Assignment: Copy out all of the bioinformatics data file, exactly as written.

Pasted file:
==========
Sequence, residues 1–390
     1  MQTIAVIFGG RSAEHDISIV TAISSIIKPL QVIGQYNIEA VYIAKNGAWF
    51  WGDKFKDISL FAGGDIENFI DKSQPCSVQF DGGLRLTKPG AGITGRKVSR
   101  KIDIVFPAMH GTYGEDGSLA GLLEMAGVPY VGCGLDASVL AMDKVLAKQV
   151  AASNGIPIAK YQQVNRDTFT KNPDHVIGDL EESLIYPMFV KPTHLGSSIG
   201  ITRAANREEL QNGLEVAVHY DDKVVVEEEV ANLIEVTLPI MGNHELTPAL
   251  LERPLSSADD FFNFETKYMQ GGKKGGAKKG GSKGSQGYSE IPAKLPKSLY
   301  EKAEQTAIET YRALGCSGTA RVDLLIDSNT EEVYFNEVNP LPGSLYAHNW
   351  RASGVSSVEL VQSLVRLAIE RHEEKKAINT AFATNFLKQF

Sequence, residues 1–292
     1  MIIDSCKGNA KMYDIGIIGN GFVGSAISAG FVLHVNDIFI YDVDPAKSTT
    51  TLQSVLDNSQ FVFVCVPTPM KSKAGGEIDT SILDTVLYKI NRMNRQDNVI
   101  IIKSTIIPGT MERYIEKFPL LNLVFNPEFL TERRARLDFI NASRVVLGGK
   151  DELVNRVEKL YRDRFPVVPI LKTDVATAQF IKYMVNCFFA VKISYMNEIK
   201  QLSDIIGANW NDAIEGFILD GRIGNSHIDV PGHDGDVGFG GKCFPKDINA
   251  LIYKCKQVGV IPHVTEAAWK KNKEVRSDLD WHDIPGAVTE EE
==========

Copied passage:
Sequence, residues 1–390
     1  MQTIAVIFGG RSAEHDISIV TAISSIIKPL QVIGQYNIEA VYIAKNGAWF
    51  WGDKFKDISL FAGGDIENFI DKSQPCSVQF DGGLRLTKPG AGITGRKVSR
   101  KIDIVFPAMH GTYGEDGSLA GLLEMAGVPY VGCGLDASVL AMDKVLAKQV
   151  AASNGIPIAK YQQVNRDTFT KNPDHVIGDL EESLIYPMFV KPTHLGSSIG
   201  ITRAANREEL QNGLEVAVHY DDKVVVEEEV ANLIEVTLPI MGNHELTPAL
   251  LERPLSSADD FFNFETKYMQ GGKKGGAKKG GSKGSQGYSE IPAKLPKSLY
   301  EKAEQTAIET YRALGCSGTA RVDLLIDSNT EEVYFNEVNP LPGSLYAHNW
   351  RASGVSSVEL VQSLVRLAIE RHEEKKAINT AFATNFLKQF

Sequence, residues 1–292
     1  MIIDSCKGNA KMYDIGIIGN GFVGSAISAG FVLHVNDIFI YDVDPAKSTT
    51  TLQSVLDNSQ FVFVCVPTPM KSKAGGEIDT SILDTVLYKI NRMNRQDNVI
   101  IIKSTIIPGT MERYIEKFPL LNLVFNPEFL TERRARLDFI NASRVVLGGK
   151  DELVNRVEKL YRDRFPVVPI LKTDVATAQF IKYMVNCFFA VKISYMNEIK
   201  QLSDIIGANW NDAIEGFILD GRIGNSHIDV PGHDGDVGFG GKCFPKDINA
   251  LIYKCKQVGV IPHVTEAAWK KNKEVRSDLD WHDIPGAVTE EE